This is probably the most famous section of the Capital ring starting in Wimbledon and walking over to Richmond.
The route is almost entirely within gorgeous parks with lovely views of greenery, deers and the boats on the river Thames. I’ve walked along this route previously (although I did not know it was part of the capital ring…) and I noticed that we saw far more walkers than the other sections!! This walk is 7 miles (11.3km) long, so it is a pleasant walk on its own, or if you have lots of energy, it’s easy to walk further.
It is also probably the nicest section of the Capital ring. If you only plan to try just one London walk, this is the one to try!!
Wimbledon Park to Richmond Bridge – the basics
Distance: 11 km
Public transport: Wimbledon Park (Tube) to Richmond
Best sights along the way: Wimbledon Common with it’s pretty windmill and Richmond Park (you might see deers)
Loos:Wimbledon Park , Windmill at Wimbledon Common, Richmond Park (by the Robin Hood Gate), Pembroke Lodge, Playground at Petersham Road, Petersham Meadows. There are quite a few pubs and cafes in Richmond.
Wimbledon Park to Richmond Bridge Map
Capital Ring Section 6 – the route
You should start at Wimbledon Park station and walk up the hill along Home Park road. Quite soon you’ll reach Wimbledon park and get to walk past the pond. There are loads of ducks and geese, so bring peas or seeds if you’d like to feed them. If you don’t believe me that you should avoid feeding ducks bread alone, see here.
After leaving Wimbledon Park you need to walk through a residential area BUT unlike other sections of the capital ring, it is all still very green. The route is lined with trees and bushes (next to houses and flats) as you slowly walk uphill towards womble-land.
At the end of Queensmere Road, you reach Wimbledon common. We couldn’t find any route markers here…but now I have looked back at the maps, I think this was because we cut straight into Wimbledown Common, rather than walking along the road to the right for a few steps first. There were lots of mini trails into the Common though, so if you don’t mind going off course, just wander straight in! The paths through the trees are really pleasant and soon you’ll emerge into open grassland with a pretty windmill up ahead. There is a café at the windmill, but we found that they were so busy that service can be incredibly slow (both to make an order, and then to be served…) so try to bring a packed lunch if you are in a hurry to keep walking.
After this, you should walk straight to Queen’s Mere – we lost the path so managed to avoid this landmark. Oops. We did get to walk along the Beverley brook though. I think this stream must be really pretty after spring when the grass and trees start to become green. In winter, the views looked slightly haunted with the jagged reflection of trees being mirrored in the water.
After leaving Wimbledon Common you get to cross the A3, either by climbing over a footbridge OR by waiting for the lights to change at the pedestrian crossing. I say pedestrian crossing…but actually there was plenty of space for cyclists and horse riders. You can tell you’re in a wealthy part of London when even the lights at the pelican crossing have horse riders on!!
The next part of the walk is through Europe’s largest urban park, Richmond Park. I LOVE this park! It is just so massive, and varied and fun to explore! You can (and we have) spend all day just exploring various walks through Richmond park and looking for deer. The Capital Ring takes you straight through the middle of the park towards Pens Ponds. This is probably the busiest section of the entire Capital ring. We saw so many families and doggies out for a walk here.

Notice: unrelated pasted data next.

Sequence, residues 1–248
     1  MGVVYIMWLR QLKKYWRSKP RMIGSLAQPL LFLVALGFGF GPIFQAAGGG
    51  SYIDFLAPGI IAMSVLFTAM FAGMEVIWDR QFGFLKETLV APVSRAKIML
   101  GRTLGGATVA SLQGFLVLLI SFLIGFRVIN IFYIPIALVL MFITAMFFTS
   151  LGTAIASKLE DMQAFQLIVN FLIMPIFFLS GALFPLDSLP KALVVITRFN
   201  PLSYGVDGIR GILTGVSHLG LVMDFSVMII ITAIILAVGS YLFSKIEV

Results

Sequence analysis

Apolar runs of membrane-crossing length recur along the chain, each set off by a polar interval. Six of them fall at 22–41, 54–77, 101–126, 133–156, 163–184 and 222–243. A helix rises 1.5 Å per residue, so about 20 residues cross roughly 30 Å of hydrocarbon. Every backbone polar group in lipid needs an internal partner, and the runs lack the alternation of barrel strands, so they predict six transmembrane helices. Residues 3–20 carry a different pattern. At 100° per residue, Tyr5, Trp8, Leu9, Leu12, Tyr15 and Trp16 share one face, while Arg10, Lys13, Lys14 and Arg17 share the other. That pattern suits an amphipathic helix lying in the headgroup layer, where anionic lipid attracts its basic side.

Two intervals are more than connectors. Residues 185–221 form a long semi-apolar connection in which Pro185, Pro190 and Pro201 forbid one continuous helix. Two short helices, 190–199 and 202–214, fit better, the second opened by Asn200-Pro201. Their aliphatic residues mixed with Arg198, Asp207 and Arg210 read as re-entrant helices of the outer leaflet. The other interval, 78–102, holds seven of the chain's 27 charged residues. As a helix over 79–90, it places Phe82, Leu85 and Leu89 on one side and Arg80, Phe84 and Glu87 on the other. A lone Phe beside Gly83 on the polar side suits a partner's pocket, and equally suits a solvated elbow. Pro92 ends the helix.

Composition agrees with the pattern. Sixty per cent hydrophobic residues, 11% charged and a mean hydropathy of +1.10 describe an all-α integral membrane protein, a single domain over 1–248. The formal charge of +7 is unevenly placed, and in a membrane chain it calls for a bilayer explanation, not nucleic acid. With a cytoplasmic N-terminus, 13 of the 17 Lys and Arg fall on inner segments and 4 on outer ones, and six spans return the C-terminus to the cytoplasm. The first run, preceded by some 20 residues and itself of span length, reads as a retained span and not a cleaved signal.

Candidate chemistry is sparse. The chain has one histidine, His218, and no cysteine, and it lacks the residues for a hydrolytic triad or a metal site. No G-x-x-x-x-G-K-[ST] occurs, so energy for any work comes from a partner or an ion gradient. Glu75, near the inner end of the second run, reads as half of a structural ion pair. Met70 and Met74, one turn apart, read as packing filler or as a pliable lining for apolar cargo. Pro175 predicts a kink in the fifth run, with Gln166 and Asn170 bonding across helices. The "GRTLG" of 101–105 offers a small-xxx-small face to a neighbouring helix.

After the ponds, walk halfway up the hill, and turn left to walk along the woods. We normally take a detour to the top of the hill to look down at the whole of London.
Moving on, we walked along the deer-proof fences. I thought I could see a deer shaped log as we wandered along this section of Richmond park. When I looked closer it was actually two deer chilling in the long grass. It is so nice to see them, although we didn’t try to get too close. I also loved all the spookily shaped trees.
After crossing the Queen’s Road… (Be careful! It seems like most cars won’t slow down for pedestrians.) You get to walk up high near Pembrooke Lodge. We stayed as high as we could the whole way along the ridge, before dropping down to Petersham Gate.
The route for the ring leave Richmond Park here, and follows a path to the side of a tudor-looking pub and St Peter’s church, before walking along Petersham meadows to the Thames. We came past here once in the spring and it looked like it has been snowing in St Peter’s as there were so, so many blossom petals covering the churchyard. It was stunning.
The last little section follows the Thames path into Richmond. You’ll be able to see lots of pigeons sitting on boats, hundreds of people and there are several pubs along the waterfront if you’re in need of a tipple. The walk finishes by Richmond Bridge, and it is not too much of a detour to get to Richmond station.
The best bits:
– Wandering in Wimbledon common makes me think of the wombles. I kept singing the womble song as it got stuck in my head!
– Richmond Park covers 2,500 acres and is just lovely – it’s like you’ve left London and landed in an area of the English countryside.
– The deer happily wandering around a huge space, unlike those in the little cage on the other side of London.
– If it has rained recently, bring walking boots or wellies! So many people tread these paths that is was really muddy in some sections.
– There is a café near the windmill on Wimbledon Common BUT it was soooo busy! If you can, bring lunch so you don’t have to wait for ages with the rest of West London for food.
– There are a few places where the walk sign posts are hard to spot. Bring a map or your phone to show you the way!!